6. COLIN FIRTH

Perhaps Jeff Bridges secretly cursed the British actor as he said those words, because Firth nearly left his new trophy on a toilet tank the very night he received it. After a night of cocktails at the Oscar after-parties in 2011, Firth allegedly had to be chased down by a bathroom attendant, who had found the eight-pound statuette in the bathroom stall. Notice we said allegedly: Shortly after those reports surfaced, Firth's rep issued a statement saying the "story is completely untrue. Though it did give us a good laugh."

7. MATT DAMON

When newbie writers Matt Damon and Ben Affleck took home Oscars for writing Good Will Hunting in 1998, it was one of those amazing Academy Award moments. Now, though, Damon isn’t sure where his award went. “I know it ended up at my apartment in New York, but unfortunately, we had a flood when one of the sprinklers went off when my wife and I were out of town and that was the last I saw of it,” Damon said in 2007.

8. MARGARET O'BRIEN

In 1945, seven-year-old Margaret O’Brien was presented with a Juvenile Academy Award for being the outstanding child actress of the year. About 10 years later, the O’Briens’ maid took the award home to polish, as she had done before, but never came back to work. The missing Oscar was forgotten about when O’Brien’s mother died shortly thereafter, and when Margaret finally remembered to call the maid, the number had been disconnected. She ended up receiving a replacement from the Academy.

There’s a happy ending to this story, though. In 1995, a couple of guys were picking their way through a flea market when they happened upon the Oscar. They put it up for auction, which is when word got back to the Academy that the missing trophy had resurfaced. The guys who found the Oscar pulled it from auction and presented it, in person, to Margaret O’Brien. “I’ll never give it to anyone to polish again,” she said.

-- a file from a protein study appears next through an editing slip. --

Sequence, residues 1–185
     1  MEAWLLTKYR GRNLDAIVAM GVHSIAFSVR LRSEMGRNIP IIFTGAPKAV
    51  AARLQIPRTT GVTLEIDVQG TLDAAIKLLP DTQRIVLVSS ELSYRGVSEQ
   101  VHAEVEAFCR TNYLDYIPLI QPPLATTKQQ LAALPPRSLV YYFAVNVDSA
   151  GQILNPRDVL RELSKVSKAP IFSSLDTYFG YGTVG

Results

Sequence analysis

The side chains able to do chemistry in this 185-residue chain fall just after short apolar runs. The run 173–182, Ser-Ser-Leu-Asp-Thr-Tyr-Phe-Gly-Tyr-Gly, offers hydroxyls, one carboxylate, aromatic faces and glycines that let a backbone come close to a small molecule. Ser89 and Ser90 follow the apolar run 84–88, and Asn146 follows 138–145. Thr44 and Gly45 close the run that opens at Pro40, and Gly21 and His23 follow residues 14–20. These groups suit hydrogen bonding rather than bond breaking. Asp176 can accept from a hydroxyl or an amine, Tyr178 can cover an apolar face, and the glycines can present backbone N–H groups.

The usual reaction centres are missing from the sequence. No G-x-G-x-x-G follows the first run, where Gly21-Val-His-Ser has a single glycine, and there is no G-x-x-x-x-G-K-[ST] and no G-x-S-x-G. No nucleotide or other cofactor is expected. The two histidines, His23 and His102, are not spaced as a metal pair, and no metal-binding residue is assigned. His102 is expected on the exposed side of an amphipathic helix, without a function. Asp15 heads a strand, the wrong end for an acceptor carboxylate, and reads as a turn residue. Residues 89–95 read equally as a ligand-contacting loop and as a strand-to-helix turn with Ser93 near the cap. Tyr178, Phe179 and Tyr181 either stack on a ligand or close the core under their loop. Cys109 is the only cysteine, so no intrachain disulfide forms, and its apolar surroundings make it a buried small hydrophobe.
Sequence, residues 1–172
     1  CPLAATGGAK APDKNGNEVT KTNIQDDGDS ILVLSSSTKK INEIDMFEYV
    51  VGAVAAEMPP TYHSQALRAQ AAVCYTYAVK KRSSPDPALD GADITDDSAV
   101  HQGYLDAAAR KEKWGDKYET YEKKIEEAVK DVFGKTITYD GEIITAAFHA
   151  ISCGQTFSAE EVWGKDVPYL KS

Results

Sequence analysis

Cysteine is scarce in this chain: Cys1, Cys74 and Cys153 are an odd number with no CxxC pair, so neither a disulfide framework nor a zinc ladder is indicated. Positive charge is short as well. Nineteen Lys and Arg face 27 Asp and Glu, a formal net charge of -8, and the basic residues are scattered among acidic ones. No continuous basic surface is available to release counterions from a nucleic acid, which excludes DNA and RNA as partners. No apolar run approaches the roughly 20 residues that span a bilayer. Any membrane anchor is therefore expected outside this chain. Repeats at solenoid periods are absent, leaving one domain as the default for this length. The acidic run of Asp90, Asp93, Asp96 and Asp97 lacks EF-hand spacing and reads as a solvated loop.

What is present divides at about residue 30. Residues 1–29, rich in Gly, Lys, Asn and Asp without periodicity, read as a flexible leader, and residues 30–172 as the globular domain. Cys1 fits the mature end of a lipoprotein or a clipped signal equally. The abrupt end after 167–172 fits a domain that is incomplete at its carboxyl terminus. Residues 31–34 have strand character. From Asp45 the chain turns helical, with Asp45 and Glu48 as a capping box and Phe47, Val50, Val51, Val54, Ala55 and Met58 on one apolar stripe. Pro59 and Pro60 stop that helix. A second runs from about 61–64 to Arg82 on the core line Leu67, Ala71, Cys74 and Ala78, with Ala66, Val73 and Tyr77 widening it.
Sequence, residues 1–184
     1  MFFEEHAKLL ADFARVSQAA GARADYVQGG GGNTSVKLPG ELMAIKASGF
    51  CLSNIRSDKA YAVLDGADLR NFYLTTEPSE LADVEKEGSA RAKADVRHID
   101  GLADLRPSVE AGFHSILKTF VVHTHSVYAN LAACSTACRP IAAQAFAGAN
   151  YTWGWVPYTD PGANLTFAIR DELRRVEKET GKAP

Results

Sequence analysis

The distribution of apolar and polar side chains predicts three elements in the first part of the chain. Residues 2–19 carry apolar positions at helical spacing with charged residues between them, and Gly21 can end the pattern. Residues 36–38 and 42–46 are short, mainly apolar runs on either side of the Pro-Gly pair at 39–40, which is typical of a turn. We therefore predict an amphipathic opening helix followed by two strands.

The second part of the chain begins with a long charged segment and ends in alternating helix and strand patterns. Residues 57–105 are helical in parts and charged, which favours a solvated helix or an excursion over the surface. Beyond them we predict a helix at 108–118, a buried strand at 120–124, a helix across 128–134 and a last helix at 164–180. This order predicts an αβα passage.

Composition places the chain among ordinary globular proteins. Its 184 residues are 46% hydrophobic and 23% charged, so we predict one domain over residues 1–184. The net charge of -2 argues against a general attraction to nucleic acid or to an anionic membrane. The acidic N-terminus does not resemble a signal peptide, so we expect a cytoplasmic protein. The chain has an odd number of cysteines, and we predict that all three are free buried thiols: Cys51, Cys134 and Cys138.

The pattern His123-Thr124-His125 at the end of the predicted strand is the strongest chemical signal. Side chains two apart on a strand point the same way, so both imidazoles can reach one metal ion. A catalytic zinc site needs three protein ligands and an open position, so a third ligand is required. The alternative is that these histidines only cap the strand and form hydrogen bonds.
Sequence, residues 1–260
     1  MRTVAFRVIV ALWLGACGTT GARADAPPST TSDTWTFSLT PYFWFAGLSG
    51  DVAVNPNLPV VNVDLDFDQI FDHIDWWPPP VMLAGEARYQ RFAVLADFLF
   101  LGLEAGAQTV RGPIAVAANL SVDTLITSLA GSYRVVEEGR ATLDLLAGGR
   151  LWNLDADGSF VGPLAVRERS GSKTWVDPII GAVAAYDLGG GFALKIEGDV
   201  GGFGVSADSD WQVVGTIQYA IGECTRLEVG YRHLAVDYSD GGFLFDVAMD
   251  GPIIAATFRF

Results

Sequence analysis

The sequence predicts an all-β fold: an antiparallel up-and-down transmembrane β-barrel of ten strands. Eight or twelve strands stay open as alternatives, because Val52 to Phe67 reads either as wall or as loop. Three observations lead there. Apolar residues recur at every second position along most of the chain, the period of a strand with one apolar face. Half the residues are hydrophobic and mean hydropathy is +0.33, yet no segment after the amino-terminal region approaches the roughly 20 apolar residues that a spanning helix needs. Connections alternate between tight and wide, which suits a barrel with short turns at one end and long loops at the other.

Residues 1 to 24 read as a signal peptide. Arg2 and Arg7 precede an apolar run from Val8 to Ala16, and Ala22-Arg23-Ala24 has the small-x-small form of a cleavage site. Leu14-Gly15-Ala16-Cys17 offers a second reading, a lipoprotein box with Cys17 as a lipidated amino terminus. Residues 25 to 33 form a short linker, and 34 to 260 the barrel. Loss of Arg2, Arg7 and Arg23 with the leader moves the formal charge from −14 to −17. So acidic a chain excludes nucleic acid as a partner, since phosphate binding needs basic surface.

9. BING CROSBY

For years, Bing Crosby's Oscar for 1944’s Going My Way had been on display at his alma mater, Gonzaga University. In 1972, students walked into the school’s library to find that the 13-inch statuette had been replaced with a three-inch Mickey Mouse figurine instead. A week later, the award was found, unharmed, in the university chapel. “I wanted to make people laugh,” the anonymous thief later told the school newspaper.

10. HATTIE MCDANIEL

Hattie McDaniel, famous for her Supporting Actress win as Mammy in Gone with the Wind, donated her Best Actress Oscar to Howard University. It was displayed in the fine arts complex for a time, but went missing sometime in the 1960s. No one seems to know exactly when or how, but there are rumors that the Oscar was unceremoniously dumped into the Potomac by students angered by racial stereotypes such as the one she portrayed in the film.

An earlier version of this post ran in 2013.

SECTIONS

arrow
LIVE SMARTER
More from mental floss studios